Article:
In the Matter of Subpoena Duces Tecum to Jane Doe, Esq., Dated April 25, 2001 and Four Other Subpoenas Duces Tecum. The Park Associates, Inc. et al.,
New York State Attorney General, Medicaid Fraud Control Unit,
2003 NY Int. 29
In this appeal, we are asked to determine if certain nursing home records are immune from disclosure in response to subpoenas issued by a grand jury conducting a Medicaid fraud investigation. We conclude that Federal law protects from disclosure those records created or generated for quality assurance purposes at the facilities.
As part of an investigation into resident care
initiated by the Medicaid Fraud Control Unit of the Attorney
Five categories of documents were in dispute before Supreme Court: incident/accident reports, monthly skin condition and pressure sore reports, monthly weight reports, infection control reports and lists of any facility-acquired infections. Petitioner asserted that the records and reports at issue were generated by the facilities' quality assurance committees and therefore the nursing homes were entitled to rely on the privilege extended to quality assurance committee work product under State and Federal law.
MFCU contended that the contested records were not
subject to any quality assurance privilege because they related
to a Medicaid investigation and, furthermore, the nursing homes
were required under State regulation to maintain such records.
MFCU also asserted that the documents were not generated by
Supreme Court denied the motion, finding that the subpoenas related to records maintained in accordance with particular State regulations rather than exclusively for quality assurance purposes. The Appellate Division affirmed and ordered disclosure of the documents. The court rejected petitioner's Public Health Law privilege claim as inapplicable to nursing home facilities. With respect to petitioner's assertion of privilege under Federal law, the Appellate Division concluded that the disputed records did not fall within the scope of the privilege extended to quality assurance committees. This Court granted petitioner leave to appeal.
The Federal privilege upon which petitioner relies
encompassed in the Federal Nursing Home Reform Act (FNHRA),
enacted as part of the Omnibus Budget Reconciliation Act of 1987
(Pub. L. No. 100-203, §§ 4201-4218). The FNHRA was enacted to
address the Federal government's concerns regarding the
distribution of public monies to those nursing facilities
participating in the Medicaid program with poor quality of care
standards and to improve the quality of care for Medicaid-
eligible nursing home residents, and either to bring substandard
facilities into compliance with Medicaid quality of care
requirements or to exclude them from the program (H.R. Rep. No.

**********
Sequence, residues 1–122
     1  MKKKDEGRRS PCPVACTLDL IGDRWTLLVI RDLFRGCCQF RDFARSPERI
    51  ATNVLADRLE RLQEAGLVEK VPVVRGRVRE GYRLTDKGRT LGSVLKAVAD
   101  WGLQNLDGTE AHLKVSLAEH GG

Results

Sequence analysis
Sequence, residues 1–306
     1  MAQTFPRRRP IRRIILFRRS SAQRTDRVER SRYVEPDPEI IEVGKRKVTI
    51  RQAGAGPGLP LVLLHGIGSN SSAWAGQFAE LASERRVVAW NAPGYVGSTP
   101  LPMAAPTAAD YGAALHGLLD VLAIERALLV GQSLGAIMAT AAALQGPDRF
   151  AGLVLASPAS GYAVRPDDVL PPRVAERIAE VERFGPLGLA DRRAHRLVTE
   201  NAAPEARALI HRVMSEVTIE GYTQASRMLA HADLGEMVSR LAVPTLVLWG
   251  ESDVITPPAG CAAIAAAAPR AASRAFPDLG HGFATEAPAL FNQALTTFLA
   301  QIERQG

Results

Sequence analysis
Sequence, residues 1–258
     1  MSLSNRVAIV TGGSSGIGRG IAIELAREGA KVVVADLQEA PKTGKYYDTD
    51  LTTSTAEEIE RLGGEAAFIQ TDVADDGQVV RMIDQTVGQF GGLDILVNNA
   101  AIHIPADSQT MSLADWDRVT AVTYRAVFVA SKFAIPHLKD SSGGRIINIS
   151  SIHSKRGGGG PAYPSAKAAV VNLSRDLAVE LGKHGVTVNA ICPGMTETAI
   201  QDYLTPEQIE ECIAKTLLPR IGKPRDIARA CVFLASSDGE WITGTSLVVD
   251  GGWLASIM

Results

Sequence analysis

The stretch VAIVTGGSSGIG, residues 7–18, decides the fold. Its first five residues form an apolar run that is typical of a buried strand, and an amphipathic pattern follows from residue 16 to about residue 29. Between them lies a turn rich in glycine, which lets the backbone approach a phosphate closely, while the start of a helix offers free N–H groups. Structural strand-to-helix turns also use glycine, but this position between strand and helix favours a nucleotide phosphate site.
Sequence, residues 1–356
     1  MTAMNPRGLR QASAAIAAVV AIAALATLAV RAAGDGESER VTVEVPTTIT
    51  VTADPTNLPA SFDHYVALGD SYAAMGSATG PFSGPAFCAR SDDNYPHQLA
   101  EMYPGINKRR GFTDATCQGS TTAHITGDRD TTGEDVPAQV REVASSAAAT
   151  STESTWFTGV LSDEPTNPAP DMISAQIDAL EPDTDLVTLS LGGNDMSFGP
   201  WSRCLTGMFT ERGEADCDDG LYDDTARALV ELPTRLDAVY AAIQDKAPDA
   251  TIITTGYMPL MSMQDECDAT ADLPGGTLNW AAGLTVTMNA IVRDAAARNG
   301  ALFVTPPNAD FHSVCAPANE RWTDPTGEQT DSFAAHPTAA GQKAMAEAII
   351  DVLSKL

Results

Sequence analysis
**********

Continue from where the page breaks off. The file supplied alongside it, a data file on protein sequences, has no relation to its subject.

Under the Act, states must conduct and certify the
results of unannounced annual standard surveys. The surveys are
designed to detect facilities where residents are not receiving
quality care and permit limited enforcement resources to be
targeted on substandard quality facilities (H.R. Rep. No. 100-391
[I], 100th Cong, 1st Sess, at 468, reprinted in 1987 US Code Cong
& Admin News, at 2313-288). In evaluating the quality of care
provided, the survey process examines indicators such as medical
and rehabilitative care and infection control, written plans of
care and audits of residents' assessments ( see 42 USC § 1396r
[g][A]; 42 USC § 1396r [g][A][i], [ii]). Furthermore, the
FNHRA mandates that each state give its Medicaid fraud control
unit access to all information of the State agency responsible
for such surveys ( see 42 USC § 1396r [g][D]). In New York,
the office of welfare inspector general, working within the
office of the deputy attorney general for medicaid fraud control,
possesses broad authority to uncover fraud and abuse in nursing
homes, including the power to investigate and prosecute illegal
acts perpetrated by recipients of public assistance services ( see
The FNHRA also mandates that every nursing and skilled nursing facility which accepts Medicaid or Medicare funding must care for its residents in such a manner and in such an environment as will promote maintenance or enhancement of the quality of life of each resident (42 USC § 1396r [b][A] [nursing facility]; 42 USC § 1395i-3 [b][A] [skilled nursing facility]). To advance this objective, a nursing home is required to maintain a quality assessment and assurance committee to identify and develop plans to correct deficiencies in the quality of care provided to residents ( see 42 USC § 1396r [b][B]; 42 USC § 1395i-3 [b][B]). Quality assurance committees help ensure both quality of care and quality of life in nursing homes (Report of Off. of Inspector Gen., Dept. of Health and Human Servs., Quality Assurance in Nursing Homes, January 2003, at i).
In 1990, to further strengthen quality assurance
procedures, Congress amended the quality assurance requirements
to provide that [a] State or the Secretary may not require
disclosure of the records of such committee except insofar as
such disclosure is related to the compliance of such committee
with the requirements of this subparagraph (42 USC § 1396r
[b][B][ii]; 42 USC § 1395i-3 [b][B][ii]). Thus, quality
Although neither this Court nor any Federal court has
previously interpreted this Federal statutory exemption, we have
generally examined the protection afforded to quality assurance
committee records in the context of CPLR article 31 discovery
provisions. While these cases do not involve the public interest